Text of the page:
It’s also a good idea to choose (and stick with) a sensible media query strategy, for example Mobile first where CSS rules without media queries apply to all sizes and then media queries are used to redefine the styles from Breakpoint X and up.
Pinegrow lets us view and edit the page in multiple views. That’s a great help when we’re dealing with responsive designs.
Is the CSS grid ready for production use?
According to Can I Use the CSS grid works on 88% of global devices. Although that’s an impressive (and growing) number, 10+% of users might still be too many to ignore.
Luckily for us, we don’t have to aim at having our website or app display excitedly the same in all browsers. The sensible strategy is to display the grid-enabled layout for most of the users and a simplified (perhaps even a single column) layout to the rest.
Going into different fallback approaches is beyond the scope of this article.
The point is that Pinegrow can make creating fallback layouts much easier.
Turn CSS grid off to create fallback layouts
We can now toggle CSS grid support in individual page views in Pinegrow by toggling the CSS Grid setting in the device menu.
For example, we can have a page view with CSS grid support right next to a page view with disabled CSS grid support. All edits are immediately synced among the page views.
This feature make it easy to see what happens with our layouts in browsers that don’t support the CSS grid and to come up with CSS rules that target those browsers.
Using advanced grid properties
What if we need to use other grid CSS properties that are not editable with visual grid tools?
Pinegrow is a general purpose web editor that doesn’t tie you to using the visual tools alone. That means that we can use the CSS Editor or the code view to work with the whole set of grid properties alongside the visual grid tools.
Grid vs. Flexbox — a false choice
We might feel overwhelmed by the recent new CSS layout options: “Oh… I haven’t even mastered the Flexbox yet, and now it’s being replaced by the CSS grid!”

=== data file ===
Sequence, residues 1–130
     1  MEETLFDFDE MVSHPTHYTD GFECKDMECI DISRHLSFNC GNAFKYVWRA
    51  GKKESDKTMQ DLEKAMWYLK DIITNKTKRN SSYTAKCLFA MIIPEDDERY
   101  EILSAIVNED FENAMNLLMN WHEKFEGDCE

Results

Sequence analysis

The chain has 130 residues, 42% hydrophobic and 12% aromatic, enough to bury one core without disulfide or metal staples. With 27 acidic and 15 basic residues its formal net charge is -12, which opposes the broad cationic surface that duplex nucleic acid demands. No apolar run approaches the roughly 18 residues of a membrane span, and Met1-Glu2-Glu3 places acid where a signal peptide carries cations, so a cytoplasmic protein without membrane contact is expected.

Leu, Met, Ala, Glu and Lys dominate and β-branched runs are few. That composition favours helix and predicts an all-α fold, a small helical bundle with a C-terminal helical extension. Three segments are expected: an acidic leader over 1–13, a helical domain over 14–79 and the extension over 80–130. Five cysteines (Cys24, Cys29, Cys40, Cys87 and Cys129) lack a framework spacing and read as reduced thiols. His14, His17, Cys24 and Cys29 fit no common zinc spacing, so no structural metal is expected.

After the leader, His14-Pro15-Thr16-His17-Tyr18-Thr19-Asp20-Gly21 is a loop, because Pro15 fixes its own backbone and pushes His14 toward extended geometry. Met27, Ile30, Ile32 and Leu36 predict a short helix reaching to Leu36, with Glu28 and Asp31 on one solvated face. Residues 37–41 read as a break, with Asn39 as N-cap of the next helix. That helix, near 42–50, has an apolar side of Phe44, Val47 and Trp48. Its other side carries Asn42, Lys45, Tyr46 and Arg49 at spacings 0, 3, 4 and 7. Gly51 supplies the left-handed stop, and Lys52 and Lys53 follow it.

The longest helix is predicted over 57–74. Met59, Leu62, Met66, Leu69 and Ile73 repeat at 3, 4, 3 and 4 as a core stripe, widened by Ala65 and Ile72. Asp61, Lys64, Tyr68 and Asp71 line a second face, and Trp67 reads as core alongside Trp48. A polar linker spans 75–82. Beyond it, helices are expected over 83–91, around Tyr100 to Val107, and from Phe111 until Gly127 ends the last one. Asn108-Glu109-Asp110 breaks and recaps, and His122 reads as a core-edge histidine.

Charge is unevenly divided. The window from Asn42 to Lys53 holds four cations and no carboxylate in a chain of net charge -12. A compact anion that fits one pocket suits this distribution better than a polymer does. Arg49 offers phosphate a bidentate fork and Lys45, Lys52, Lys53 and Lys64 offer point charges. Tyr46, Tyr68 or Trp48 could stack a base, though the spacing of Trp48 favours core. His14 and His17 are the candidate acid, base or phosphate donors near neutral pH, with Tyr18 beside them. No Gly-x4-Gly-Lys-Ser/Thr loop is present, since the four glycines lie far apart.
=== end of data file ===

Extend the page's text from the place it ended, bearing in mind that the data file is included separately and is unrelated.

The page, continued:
That’s a false choice. The CSS grid is not a replacement for the Flexbox. The CSS grid is used for defining true two dimensional grid layouts, while the Flexbox works only in one dimension, either columns or rows, not both.
Together they are a powerful combination.
We can use the CSS grid to define the two dimensional layouts and use the Flexbox to define how items stack together within that layout.
For example, here we use Flexbox to center the quote vertically inside its grid area.
Grid vs. Bootstrap
At first glance it appears that the CSS grid makes Bootstrap obsolete. That’s true when it comes to the grid portion of Bootstrap: containers, rows and columns.
Those can be easily replaced and enhanced by using the CSS grid.
But Bootstrap is more than just columns: it provides typography, buttons, navigation bars, cards, modals and more, all styled to fit nicely together.
In fact, Bootstrap and the CSS grid can be effectively used together.
Bootstrap components can be easily placed into CSS grids.
And, with a couple of extra CSS rules, Bootstrap containers, rows and columns can even be used as a fallback layout for browsers that don’t support the CSS grid.
Next steps and tutorial
That concludes our overview of new Pinegrow visual CSS grid features. Just download the latest Pinegrow release and take them for a spin.
Check out the Summer Nights CSS Grid tutorial where we’ll create a responsive CSS grid layout with non-grid fallback from scratch.
If you just need a quick 3-minute overview of how CSS Grid works in Pinegrow, watch this video:
For the end, a warning:
Once you try the CSS grid, especially in combination with Pinegrow’s visual tools, it will be very hard to go back to using any other layout method. Proceed at your own risk of newly discovered web creativity. :)